A couple of other suggestions, first off, I agree with the others who said record yourself and make sure you really are playing the piece correctly. Another thing is to practice with a Metronome. If you are forced to stay in compas with the 'nome clicking away you will be surprised at how much it helps develop your concentration which in turn helps you stay in the moment.
I found that accompanying dance classes has helped me tons with any stage fright. I was leaving a class about a month ago and someone who was listening in stopped me in the hall afterwards and complimented me on my playing!! I couldn't believe they were talking to me!! I actually didn't think I sounded that good but to their untrained or perhaps deaf ear it must have been ok :)
So I guess my advice, like others have said is, get as much time playing for family and friends, try to find a dance class that you could sit in on and remember, "Change the mindset from impressing others to giving to others"
Sig--
  REPORT THIS POST AS INAPPROPRIATE |  Date Mar. 6 2009 9:35:10
 
duende

Posts: 3053
Joined: Dec. 15 2003
From: Sweden

RE: Nervous when playing for others (in reply to Doitsujin

quote:

Nobody said anything bad like "what the **** is that?"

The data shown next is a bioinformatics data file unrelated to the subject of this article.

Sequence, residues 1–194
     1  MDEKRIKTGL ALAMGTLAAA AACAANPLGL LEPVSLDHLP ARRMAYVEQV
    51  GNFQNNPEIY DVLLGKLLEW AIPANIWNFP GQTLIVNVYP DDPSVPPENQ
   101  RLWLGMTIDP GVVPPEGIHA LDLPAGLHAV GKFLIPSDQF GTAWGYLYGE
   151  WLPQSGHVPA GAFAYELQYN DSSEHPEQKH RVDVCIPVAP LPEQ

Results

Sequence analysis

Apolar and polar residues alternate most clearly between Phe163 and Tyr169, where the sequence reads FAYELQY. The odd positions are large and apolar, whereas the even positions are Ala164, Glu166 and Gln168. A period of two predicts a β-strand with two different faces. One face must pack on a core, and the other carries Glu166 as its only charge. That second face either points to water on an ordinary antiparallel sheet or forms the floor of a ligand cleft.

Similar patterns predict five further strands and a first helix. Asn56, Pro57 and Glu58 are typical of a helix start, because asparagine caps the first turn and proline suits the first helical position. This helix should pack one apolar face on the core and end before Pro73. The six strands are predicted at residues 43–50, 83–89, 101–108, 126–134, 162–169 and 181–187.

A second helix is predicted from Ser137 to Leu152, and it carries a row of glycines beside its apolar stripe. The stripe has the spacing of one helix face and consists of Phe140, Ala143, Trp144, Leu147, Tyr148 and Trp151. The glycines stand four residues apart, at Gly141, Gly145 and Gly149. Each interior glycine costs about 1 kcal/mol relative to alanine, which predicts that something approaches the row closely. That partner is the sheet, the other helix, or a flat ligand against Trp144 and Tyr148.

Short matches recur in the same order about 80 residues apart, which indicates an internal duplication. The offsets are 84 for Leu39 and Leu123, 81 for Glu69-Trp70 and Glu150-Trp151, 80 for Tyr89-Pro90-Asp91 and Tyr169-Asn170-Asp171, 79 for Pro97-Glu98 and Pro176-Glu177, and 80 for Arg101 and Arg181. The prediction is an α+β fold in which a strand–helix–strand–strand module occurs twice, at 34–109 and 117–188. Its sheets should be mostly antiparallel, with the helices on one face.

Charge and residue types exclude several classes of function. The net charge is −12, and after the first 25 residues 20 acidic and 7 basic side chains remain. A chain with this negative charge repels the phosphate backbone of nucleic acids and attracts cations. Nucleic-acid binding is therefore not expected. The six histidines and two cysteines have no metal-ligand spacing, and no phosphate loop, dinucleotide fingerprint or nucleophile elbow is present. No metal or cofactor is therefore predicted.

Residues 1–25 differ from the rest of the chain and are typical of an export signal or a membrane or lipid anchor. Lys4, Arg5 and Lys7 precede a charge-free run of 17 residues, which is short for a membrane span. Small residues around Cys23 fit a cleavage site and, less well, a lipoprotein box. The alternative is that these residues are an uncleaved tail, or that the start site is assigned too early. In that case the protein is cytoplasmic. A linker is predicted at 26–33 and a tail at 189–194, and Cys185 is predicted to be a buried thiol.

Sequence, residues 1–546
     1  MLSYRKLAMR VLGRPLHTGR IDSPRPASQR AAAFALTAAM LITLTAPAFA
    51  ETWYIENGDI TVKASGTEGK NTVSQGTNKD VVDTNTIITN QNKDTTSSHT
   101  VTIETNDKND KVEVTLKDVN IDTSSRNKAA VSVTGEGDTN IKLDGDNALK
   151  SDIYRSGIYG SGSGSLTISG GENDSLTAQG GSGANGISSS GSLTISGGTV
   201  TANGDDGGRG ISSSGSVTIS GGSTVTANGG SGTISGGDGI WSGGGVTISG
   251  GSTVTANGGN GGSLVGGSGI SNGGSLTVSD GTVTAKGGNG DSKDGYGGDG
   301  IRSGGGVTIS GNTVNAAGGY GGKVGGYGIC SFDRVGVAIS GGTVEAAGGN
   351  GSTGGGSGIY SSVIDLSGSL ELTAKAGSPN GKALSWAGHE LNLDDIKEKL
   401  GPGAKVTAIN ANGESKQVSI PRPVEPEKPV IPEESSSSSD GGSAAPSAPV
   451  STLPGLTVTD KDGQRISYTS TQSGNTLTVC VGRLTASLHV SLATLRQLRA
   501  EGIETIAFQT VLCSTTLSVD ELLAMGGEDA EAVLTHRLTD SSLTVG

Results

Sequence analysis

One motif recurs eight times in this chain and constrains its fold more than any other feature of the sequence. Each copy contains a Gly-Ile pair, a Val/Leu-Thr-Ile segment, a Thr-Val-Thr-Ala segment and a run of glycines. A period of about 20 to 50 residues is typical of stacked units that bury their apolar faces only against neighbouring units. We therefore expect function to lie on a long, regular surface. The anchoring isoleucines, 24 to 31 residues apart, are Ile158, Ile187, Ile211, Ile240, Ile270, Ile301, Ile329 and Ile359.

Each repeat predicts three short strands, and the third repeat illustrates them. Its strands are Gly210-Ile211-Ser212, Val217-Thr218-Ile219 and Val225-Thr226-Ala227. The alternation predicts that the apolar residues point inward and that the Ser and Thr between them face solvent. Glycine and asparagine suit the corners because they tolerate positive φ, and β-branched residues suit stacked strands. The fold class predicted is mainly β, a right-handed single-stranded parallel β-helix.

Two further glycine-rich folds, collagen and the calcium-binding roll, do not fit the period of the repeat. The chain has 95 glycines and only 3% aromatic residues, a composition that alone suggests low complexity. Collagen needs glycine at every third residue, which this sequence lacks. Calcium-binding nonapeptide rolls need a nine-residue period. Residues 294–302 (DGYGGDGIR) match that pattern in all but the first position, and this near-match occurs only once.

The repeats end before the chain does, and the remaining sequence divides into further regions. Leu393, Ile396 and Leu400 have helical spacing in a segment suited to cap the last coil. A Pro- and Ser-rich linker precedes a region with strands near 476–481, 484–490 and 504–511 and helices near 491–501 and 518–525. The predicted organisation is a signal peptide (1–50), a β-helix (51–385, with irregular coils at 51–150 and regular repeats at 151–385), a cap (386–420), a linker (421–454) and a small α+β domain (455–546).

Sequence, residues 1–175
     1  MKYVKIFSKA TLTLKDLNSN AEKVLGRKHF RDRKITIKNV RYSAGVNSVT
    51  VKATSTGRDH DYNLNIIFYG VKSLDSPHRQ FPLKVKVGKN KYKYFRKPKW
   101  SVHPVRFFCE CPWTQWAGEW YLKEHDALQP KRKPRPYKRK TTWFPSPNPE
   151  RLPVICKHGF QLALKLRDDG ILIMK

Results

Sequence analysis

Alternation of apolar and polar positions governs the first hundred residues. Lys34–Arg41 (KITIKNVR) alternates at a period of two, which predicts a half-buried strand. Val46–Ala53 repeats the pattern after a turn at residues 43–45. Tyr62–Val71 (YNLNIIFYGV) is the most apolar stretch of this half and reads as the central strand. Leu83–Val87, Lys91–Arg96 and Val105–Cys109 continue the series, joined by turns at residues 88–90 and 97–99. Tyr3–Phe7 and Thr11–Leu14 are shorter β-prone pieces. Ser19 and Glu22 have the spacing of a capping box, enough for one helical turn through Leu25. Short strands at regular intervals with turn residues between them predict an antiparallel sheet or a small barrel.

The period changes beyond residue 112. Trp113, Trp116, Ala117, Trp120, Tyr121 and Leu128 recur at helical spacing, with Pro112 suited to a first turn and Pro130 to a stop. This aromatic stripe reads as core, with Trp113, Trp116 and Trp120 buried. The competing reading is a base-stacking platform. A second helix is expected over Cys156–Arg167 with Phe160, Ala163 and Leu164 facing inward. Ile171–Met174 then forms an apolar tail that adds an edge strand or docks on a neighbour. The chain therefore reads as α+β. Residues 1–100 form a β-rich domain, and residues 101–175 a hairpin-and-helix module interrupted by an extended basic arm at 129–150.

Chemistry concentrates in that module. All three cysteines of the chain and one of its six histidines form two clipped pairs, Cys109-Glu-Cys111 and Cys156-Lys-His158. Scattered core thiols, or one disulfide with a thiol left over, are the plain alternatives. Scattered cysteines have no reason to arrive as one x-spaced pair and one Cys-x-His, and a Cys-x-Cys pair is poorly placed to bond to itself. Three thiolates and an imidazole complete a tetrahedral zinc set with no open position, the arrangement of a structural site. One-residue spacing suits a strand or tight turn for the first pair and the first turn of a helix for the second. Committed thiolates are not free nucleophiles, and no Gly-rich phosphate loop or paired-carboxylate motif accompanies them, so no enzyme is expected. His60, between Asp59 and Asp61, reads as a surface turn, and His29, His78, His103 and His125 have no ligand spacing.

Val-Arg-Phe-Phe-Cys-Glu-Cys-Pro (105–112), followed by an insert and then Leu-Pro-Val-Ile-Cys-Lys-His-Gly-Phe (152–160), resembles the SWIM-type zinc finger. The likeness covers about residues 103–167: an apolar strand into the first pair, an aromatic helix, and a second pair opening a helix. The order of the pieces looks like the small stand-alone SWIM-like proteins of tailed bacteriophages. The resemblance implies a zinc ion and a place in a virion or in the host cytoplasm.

HAHAA! I was playing with a jazz trio once on the street, sort of tourist entertainment and an old fart walked up to us between a song and asked
-what its this music your playing? Jazz, i said. -Its horrible ****. he said and left.

we had to stop for 20min or so just to be able to stand up again from laughing so hard

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This is hard stuff!
Don't give up...
And don't make it a race.
Enjoy the ray of sunshine that comes with every new step in knowledge.

RON
  REPORT THIS POST AS INAPPROPRIATE |  Date Mar. 6 2009 11:03:00
 
at_leo_87

Posts: 3055
Joined: Aug. 30 2008
From: Boston, MA, U.S.A

RE: Nervous when playing for others (in reply to alex_lord

quote:

So, just acknowledge this and try to get proficient enough with your material to be able to play it at 100% *all* the time. This way you will be able to pull off a consistent 80% in front of people, and that might just be good enough.


that's a great idea. competence builds confidence.

i posted this in another thread but i'll do it again here because i really think it's golden stuff and it applies to all aspects of life where fear can hinder you.

http://www.stevepavlina.com/blog/2005/12/stevepavlinacom-podcast-008-overcoming-fear/

http://www.stevepavlina.com/blog/2006/03/stevepavlinacom-podcast-012-building-confidence/
  REPORT THIS POST AS INAPPROPRIATE |  Date Mar. 6 2009 12:23:41
 
NormanKliman

Posts: 1143
Joined: Sep. 1 2007
 

RE: Nervous when playing for others (in reply to HolyEvil

Make sure you've got your sh*t together: Keep your guitar in tune (new strings must be stable), play material that you know you can handle, don't play too long or too harshly, and remember to offer variety (silences within the piece you're playing and a change in dynamics from one piece to another). Don't rush the tempo (it's like talking too fast when nervous).